Unfortunately, I think we’ll have to wait a while longer to get a good sense of how the Egyptian uprising and protests will affect Israel and her relations with neighboring Egypt. One interesting story that I’ve been following during the continued unrest in Egypt has been the role of Jewish people in the situation.
In modern Hebrew, we use the word kaved to mean heavy, as in that sofa is too kaved for me to move. It can also mean a burden. The medieval commentator Rashi mentions this meaning in his commentary on the verse, and adds another meaning of kaved that many of us are familiar with. From the fifth commandment of the Ten Commandments, kabed et avicha v’et imecha – that we should honor our parents – we understand kaved to mean honor or respect. Similarly, from the same root of course is the word for an honor that is given out in synagogue, a kavod. Finally, the word kaved also means liver, the heaviest part of our body. So to review, Abraham, we learn in our parsha this morning is wealthy. We know this from the Hebrew word kaved, which is an unusual choice for wealthy, and also according to the dictionary connotes honor, respect, dignity, seriousness, heaviness, burdensome, taxing, laborious, and liver.
Here it is used to mean that Abraham was weighted down with many possessions because of his wealth. But in the very next verse, we learn that Abraham traveled from the Negev to Beit El “in stages,” l’ma-asav. Rashi tells us that the use of this word means that upon Abraham’s return from Egypt, he took the same route back staying in the same places he had lodged on his way down to Egypt. Rashi points out that while Abraham is wealthier now, he has retained his humility and doesn’t choose to stay in nicer places. Abraham, our patriarch, was not altered by his accumulation of wealth. Recognizing the tendency to be burdened by material wealth, Abraham managed to maintain his kavod when he became kaved. This is not always the case.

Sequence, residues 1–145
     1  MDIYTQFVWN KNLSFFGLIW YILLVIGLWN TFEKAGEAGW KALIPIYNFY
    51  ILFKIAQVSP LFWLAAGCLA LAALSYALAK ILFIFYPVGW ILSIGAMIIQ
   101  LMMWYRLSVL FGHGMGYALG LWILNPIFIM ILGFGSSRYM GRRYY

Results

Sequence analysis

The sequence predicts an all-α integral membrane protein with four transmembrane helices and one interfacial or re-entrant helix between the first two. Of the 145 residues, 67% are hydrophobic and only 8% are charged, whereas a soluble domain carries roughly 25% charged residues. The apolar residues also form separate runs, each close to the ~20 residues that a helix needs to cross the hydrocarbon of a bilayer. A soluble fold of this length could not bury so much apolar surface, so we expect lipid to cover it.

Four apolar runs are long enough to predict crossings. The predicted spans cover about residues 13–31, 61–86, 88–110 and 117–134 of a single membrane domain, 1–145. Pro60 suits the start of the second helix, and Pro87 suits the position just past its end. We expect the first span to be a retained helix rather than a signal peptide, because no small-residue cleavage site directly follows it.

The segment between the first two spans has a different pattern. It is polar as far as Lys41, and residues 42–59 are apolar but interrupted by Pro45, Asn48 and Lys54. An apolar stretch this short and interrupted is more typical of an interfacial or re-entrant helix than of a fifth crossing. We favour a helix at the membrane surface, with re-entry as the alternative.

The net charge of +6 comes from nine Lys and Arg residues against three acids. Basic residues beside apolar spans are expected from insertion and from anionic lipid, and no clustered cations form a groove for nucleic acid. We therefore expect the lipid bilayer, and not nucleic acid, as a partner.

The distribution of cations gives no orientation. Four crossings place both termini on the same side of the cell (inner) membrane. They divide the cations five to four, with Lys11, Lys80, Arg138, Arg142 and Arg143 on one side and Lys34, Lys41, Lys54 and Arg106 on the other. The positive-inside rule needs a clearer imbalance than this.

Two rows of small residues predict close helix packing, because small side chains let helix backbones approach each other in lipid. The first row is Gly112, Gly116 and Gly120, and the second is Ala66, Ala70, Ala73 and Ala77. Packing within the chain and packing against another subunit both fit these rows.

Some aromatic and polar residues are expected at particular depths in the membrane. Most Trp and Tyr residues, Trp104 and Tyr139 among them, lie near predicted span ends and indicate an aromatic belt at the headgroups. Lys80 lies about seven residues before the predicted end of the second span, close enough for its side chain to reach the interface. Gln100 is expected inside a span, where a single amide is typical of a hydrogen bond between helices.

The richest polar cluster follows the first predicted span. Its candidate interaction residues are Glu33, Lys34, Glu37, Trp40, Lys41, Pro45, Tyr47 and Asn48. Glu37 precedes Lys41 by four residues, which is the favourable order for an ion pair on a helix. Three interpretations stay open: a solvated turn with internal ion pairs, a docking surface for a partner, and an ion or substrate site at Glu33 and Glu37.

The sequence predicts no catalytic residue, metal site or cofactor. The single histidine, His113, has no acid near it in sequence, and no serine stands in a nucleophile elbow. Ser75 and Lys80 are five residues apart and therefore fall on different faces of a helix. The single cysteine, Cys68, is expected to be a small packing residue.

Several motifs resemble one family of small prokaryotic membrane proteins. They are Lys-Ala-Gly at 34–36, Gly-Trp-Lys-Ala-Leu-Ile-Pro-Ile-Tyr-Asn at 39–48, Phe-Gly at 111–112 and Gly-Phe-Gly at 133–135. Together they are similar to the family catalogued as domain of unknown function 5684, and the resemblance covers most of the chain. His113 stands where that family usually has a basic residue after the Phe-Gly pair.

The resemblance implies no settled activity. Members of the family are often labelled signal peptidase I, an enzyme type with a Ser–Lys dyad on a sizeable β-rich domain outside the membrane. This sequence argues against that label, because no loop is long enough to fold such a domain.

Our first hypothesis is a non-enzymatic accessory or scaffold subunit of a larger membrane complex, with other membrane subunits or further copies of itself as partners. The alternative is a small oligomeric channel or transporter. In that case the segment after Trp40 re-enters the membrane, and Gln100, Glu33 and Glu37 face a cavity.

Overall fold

As we know from the recent financial meltdown, power and wealth can be burdensome and challenging. In our society, such a vast possession of wealth requires much responsibility and integrity. It catapults people into the public eye, living life in a fishbowl, having every business decision scrutinized, every investment maneuver questioned. There are many advantages to a life of wealth, but it must be done while maintaining kavod – honor.
It has now been close to thirty years since women began studying for ordination in Conservative Judaism. Within the Conservative movement, women rabbis have become commonplace and it is no longer an issue for the majority of Conservative congregations. The conversation has shifted from a halachic nature (Can a woman serve as a rabbi according to Jewish law?) to a more social nature (Are women rabbis treated fairly in the rabbinate?).
Truthfully, I never understood how women rabbis are problematic from a Jewish legal standpoint since there’s no problem with women serving as teachers, which is the main function of a rabbi. However, in the Orthodox world, the issue of women rabbis is still in its infancy with a minority of liberal Orthodox leaders like Rabbi Avi Weiss advocating for female rabbinic ordination. The first woman to be ordained by Rabbi Weiss, Rabba Sara Hurwitz, has been successful in her rabbinate but is far from being accepted by most Orthodox Jews.